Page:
The Investor Compensation Scheme in Italy: The National Guarantee Fund

Compulsory adherence to an investor compensation scheme recognized in Italy was introduced into the Italian legal system in 1997, to implement Directive 97/9/EC of the European Parliament on investor compensation schemes.

The National Guaranty Fund is a private entity recognized as an investor compensation scheme.

The purpose of this fund is to protect investors of participating entities in the event of a compulsory liquidation, bankruptcy or an arrangement with creditors:

  • Italian and European banks
  • Investment companies
  • Asset management companies
  • Securities brokerage companies
  • EU management companies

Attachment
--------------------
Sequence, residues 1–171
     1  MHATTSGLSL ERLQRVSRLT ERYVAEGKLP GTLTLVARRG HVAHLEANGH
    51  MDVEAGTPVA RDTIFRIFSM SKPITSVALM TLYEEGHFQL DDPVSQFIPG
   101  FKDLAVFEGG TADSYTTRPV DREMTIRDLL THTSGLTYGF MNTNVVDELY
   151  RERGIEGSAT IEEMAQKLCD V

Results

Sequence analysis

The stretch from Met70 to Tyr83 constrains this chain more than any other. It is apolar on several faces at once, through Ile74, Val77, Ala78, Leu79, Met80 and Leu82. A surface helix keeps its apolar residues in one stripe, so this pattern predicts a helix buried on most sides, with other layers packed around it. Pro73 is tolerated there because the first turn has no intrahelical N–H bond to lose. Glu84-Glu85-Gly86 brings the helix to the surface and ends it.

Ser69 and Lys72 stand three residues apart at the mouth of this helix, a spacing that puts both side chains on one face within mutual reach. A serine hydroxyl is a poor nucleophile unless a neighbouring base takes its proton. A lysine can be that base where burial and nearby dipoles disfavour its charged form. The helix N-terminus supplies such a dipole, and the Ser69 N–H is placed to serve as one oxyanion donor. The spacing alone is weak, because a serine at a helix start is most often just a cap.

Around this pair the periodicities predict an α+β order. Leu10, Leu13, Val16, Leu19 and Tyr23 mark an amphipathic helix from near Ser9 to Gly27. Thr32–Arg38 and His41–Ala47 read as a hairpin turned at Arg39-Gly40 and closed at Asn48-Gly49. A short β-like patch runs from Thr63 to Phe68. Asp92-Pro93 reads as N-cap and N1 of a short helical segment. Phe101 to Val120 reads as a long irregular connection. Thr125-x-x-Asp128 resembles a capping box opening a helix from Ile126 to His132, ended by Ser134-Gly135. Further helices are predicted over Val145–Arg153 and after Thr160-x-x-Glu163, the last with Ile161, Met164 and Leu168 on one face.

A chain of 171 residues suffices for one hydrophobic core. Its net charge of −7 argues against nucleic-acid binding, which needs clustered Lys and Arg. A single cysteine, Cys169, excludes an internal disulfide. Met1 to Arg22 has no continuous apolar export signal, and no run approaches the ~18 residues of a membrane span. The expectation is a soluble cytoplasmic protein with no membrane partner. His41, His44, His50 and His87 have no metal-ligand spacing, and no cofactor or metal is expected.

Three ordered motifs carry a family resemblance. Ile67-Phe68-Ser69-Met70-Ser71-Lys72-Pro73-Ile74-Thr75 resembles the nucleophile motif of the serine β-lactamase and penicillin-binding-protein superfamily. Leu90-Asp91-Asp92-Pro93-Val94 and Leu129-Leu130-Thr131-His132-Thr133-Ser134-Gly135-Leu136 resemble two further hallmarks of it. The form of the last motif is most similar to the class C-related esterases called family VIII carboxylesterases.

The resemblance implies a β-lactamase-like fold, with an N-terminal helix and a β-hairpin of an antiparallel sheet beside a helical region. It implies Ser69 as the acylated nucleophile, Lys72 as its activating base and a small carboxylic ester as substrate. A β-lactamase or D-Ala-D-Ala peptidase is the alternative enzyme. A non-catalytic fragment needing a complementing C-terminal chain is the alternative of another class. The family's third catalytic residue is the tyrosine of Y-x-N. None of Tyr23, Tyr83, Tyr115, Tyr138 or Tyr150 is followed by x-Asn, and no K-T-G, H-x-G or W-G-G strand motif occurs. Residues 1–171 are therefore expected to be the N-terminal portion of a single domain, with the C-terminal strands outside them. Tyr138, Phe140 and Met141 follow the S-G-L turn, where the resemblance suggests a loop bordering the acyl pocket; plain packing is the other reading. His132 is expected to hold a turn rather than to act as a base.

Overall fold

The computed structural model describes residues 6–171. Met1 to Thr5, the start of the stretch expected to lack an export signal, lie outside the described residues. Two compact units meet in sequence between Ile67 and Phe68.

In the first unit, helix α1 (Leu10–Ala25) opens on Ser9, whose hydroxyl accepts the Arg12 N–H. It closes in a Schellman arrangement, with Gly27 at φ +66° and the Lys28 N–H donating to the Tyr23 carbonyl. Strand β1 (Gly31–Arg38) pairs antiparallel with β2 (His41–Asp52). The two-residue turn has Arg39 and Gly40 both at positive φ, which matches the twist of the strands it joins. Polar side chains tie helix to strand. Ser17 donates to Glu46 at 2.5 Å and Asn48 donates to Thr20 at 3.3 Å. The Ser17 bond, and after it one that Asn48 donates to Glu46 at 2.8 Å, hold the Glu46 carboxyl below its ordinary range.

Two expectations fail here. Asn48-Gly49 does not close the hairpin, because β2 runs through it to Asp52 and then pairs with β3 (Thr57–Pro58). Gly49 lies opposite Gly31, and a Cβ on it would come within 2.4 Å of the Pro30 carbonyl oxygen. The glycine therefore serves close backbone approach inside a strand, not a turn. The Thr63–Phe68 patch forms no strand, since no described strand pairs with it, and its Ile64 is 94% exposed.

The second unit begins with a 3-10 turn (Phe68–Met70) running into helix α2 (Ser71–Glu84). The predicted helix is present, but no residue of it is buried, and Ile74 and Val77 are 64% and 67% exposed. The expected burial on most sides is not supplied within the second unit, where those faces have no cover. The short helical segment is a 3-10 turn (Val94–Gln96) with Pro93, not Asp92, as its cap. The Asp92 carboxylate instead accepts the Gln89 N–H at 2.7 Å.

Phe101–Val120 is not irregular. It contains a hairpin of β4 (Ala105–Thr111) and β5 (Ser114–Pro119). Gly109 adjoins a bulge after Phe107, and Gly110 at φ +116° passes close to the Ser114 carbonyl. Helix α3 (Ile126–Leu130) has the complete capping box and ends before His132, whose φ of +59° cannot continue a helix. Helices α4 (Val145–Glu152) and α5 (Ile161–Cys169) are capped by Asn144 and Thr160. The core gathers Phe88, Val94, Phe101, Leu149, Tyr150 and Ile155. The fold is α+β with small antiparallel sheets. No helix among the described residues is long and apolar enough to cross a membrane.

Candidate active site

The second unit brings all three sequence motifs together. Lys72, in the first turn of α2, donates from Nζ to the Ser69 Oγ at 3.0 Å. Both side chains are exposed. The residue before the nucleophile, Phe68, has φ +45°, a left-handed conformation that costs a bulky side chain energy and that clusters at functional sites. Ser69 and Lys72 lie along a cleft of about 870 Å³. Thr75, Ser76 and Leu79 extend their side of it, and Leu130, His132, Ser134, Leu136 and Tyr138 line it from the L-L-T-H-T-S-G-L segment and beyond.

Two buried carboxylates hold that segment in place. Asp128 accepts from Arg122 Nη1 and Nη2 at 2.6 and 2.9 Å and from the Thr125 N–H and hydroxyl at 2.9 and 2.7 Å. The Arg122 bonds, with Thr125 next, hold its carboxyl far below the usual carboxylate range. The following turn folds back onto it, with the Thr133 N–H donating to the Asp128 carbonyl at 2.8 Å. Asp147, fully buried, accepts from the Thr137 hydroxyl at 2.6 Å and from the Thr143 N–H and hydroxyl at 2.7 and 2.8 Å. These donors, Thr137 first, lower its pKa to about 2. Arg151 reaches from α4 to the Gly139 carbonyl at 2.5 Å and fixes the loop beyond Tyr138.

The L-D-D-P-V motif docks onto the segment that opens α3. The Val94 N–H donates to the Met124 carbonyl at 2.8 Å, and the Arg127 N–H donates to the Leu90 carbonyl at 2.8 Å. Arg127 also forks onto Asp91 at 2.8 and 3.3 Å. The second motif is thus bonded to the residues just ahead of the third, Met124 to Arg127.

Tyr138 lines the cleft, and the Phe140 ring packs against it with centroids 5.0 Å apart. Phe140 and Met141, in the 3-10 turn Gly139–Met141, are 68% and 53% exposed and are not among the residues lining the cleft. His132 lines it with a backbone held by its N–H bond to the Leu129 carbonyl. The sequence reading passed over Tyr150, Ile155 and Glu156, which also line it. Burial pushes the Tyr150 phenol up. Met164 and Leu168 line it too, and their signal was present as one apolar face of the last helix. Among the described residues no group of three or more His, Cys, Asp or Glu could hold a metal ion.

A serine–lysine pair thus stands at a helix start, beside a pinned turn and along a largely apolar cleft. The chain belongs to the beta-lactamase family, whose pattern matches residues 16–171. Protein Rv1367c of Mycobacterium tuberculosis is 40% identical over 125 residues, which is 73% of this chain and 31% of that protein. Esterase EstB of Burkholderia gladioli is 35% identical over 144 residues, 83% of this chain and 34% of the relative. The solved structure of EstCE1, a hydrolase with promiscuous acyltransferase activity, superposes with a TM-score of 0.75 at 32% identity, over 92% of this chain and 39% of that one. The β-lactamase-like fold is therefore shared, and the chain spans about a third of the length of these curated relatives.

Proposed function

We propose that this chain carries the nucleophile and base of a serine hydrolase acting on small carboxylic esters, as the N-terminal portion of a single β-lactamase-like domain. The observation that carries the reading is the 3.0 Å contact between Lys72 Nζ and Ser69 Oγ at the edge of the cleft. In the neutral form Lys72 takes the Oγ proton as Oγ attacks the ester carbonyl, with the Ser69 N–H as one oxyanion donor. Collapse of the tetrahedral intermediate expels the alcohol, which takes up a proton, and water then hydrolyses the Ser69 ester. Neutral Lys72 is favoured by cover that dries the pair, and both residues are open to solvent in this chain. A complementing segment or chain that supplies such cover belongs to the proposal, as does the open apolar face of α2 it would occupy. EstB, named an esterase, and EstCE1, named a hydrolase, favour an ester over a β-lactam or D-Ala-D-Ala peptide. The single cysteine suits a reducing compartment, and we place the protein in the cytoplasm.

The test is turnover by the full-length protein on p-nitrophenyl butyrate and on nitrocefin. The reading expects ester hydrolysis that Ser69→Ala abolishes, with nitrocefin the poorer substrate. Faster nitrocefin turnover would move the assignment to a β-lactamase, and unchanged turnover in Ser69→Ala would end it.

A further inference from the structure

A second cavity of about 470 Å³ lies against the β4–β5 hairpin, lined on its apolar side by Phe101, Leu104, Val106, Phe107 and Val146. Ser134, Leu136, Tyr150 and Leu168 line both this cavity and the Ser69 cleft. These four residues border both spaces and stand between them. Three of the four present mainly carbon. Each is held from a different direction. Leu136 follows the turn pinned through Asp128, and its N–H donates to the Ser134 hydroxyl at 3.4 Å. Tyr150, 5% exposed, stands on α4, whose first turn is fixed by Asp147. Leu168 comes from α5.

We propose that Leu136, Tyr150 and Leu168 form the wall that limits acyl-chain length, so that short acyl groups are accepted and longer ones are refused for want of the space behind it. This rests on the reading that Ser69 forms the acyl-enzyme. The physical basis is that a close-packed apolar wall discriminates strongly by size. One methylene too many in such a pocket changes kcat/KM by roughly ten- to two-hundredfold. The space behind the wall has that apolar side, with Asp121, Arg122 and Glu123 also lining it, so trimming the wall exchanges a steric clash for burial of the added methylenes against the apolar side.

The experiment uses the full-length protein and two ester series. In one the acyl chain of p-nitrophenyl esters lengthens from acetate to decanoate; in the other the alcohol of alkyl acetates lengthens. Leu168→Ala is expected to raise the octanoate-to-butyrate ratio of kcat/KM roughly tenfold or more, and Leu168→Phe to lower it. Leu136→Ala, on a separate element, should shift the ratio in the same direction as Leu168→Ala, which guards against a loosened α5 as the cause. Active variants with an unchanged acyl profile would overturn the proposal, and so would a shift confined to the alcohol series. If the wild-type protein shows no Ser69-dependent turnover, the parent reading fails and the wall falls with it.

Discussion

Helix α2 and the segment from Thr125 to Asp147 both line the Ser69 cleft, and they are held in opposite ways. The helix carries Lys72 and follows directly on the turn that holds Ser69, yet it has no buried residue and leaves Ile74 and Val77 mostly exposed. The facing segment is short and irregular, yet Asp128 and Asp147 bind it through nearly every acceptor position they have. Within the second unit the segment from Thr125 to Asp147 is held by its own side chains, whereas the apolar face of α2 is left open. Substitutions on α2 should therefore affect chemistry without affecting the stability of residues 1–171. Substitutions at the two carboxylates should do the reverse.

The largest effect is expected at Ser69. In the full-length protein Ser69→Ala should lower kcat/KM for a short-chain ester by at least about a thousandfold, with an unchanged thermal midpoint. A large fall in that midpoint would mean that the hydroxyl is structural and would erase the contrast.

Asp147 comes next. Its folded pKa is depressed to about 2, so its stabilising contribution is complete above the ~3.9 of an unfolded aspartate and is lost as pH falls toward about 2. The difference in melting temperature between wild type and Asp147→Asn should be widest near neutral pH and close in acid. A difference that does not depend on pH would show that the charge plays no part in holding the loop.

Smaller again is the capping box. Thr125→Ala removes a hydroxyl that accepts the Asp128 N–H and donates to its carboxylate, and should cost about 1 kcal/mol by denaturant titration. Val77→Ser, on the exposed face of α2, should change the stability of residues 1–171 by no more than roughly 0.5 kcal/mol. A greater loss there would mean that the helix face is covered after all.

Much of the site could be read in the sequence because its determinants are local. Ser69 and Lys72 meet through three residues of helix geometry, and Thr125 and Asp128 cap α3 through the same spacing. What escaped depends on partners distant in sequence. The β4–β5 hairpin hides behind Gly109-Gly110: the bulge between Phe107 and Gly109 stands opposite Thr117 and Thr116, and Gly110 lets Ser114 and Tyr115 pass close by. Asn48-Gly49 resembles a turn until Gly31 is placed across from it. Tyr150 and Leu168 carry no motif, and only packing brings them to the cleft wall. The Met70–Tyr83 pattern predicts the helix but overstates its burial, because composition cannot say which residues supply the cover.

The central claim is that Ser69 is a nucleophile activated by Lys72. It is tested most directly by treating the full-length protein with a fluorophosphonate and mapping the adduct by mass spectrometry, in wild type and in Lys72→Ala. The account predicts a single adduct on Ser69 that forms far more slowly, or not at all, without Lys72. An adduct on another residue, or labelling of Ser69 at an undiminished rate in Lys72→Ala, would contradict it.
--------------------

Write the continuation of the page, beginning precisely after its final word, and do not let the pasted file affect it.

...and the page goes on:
• Trust companies
  • Intermediaries
  • EU investment companies
  • Third-party companies
  • Managers of multilateral trading facilities
  • Managers of portals that raise capital for small and medium-sized enterprises and for social enterprise subsidiaries established in Italian banks, EU investment companies, and EU management companies and limited to activity carried out in Italy in order to integrate the protection offered by investor compensation schemes from the country of origin.

The National Guarantee Fund provides compensation for investors, up to a limit of 20,000 euros per an investor. Investors will have to prove that they have a right to reimbursement as holders of a claim, which had derived from failure to repay, all or in part, the investor’s money and/or financial instruments, or their countervalue, in the provision of investment services and activities.

The procedure of the National Guarantee Fund Compensation System